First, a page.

16 thoughts on “Projection”

  1. Well there’s plenty of NewSpace trolls. The unbridled enthusiasm for SpaceX is nauseating. However, that’s not Jason’s problem.

    Jason’s problem is that he really wants there to be two camps. He wants there to be an “enemy” which he can rally against but, more importantly, he wants a side that he can belong to. He wants to be on the “inside”. Jason wants to join the NASA fan club and fight all “those anti-NASA people”.

    Unfortunately for Jason, almost everyone in the space community stopped thinking that way decades ago. NASA is a disappointment, even to people like Jason who somehow still feel the need to defend them.

    1. Mostly agree Trent.

      I think what clouds our views of NASA today is the SLS. That seems to be the large line in the sand with many people, and causes people like Jason to see things in a Us vs Them perspective.

      Having worked for large corporations, and being a capitalist, I understand the need to make a buck. I don’t begrudge Boeing and Lockheed Martin for being good at what they do business-wise, and they are very capable of doing some very good stuff hardware-wise.

      But the incentives for Boeing and Lockheed Martin to bring their most innovative “stuff” to the table is not there, because Congress short-circuited the process by specifying the requirements for the SLS without any definition of the need. An RFQ wasn’t issued, the best & brightest weren’t consulted – Congress mandated that Boeing and Lockheed Martin keep doing what they were doing on the Constellation program, but just building lesser versions of the same stuff.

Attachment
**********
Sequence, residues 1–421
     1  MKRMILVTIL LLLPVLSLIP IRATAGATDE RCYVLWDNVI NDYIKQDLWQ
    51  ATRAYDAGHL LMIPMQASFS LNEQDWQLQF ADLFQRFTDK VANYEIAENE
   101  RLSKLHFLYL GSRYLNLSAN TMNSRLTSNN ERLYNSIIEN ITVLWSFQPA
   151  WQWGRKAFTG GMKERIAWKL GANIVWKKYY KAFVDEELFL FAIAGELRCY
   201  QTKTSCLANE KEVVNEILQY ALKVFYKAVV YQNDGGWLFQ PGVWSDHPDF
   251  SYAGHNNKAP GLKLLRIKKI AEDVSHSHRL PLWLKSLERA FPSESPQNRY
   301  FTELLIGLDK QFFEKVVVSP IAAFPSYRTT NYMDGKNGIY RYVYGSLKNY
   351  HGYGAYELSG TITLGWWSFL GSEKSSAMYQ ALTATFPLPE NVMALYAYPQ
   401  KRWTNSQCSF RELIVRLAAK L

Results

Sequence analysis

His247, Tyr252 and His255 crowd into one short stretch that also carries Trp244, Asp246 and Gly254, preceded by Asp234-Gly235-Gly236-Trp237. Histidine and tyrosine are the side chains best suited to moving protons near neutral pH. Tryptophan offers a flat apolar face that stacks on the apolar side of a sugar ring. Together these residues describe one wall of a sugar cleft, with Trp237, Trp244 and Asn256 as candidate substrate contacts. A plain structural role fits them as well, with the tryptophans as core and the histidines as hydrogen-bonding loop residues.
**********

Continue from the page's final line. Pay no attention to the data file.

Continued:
So that’s really my beef, a lack of incentives to be innovative in the pursuit of space exploration. I’m not complaining about the amount of money, nor who is doing what (as long as it’s competitively bid) – but whether it is the best “value” for our exploration buck.

      And for that Jason calls me a troll. Meh.

      1. Years ago, the general in charge of Air Force Systems Command noted that the service had a perfect record when it came to IT procurement. Every single one was late and over budget. NASA’s record across the board is about the same. That’s what clouds my image of NASA. SLS is just the latest in a long line of programmatic failures. Even the ones that eventually became success stories like Hubble were years late and grossly over budget. When first launched, it had major technical issues that required an expensive Shuttle mission to repair as well.

        NASA does some good things but their program management isn’t one of them.

    2. The SpaceX fanboys (as opposed to SpaceX fans) are annoying. I cringe every time I hear someone say, “If Elon can’t do X, then no one can.”

      But Rhian lives in a warped reality. He claims he wants US policy to support both NASA and commercial space, but refuses to acknowledge that is already happening. Congress is spending an order of magnitude more money on Ares and Orion than it is on “commercial” space (which is no longer commercial, because is insisting on FAR-based procurement — again, just as Rhian wants).

      I’ve always been a skeptic about COTS and CCDev, and I still am, but I also believe in honesty. At last year’s Worldcon, Geoffrey Landis appeared on a panel about SpaceX where he stated, flat out, that Elon Musk had not invested a dollar of his own money in Falcon and 100% of the development money came from NASA. I’m not sure if he was deliberately lying or simply didn’t know the first thing about SpaceX, but he sounded very Rhian-like.

      I *wish* that “new space” groups were as highly focused on commercial space as Rhian claims. But in fact, they have spent far more time lobbying for far more money for big government projects like Rhian wants. (Remember the Space Exploration Alliance?)

      1. I don’t get this – Why is so wrong for commercial companies to pursue government contracts? Does this make them “dirty” somehow?

        Aside from the contracting mechanism (which matters) – one needs to make sure that the customer (in this case, government) receives fair value for their investment.

        NASA paid ~$400 million to SpaceX for COTS. This is not in dispute. With that, they got access to a new (domestic) launch vehicle, and a new (domestic) cargo spacecraft. A pretty solid investment – and great return – if you ask me.

        No contrast this to the SLS and Orion – And many defence contracts. It’s not a pretty comparison.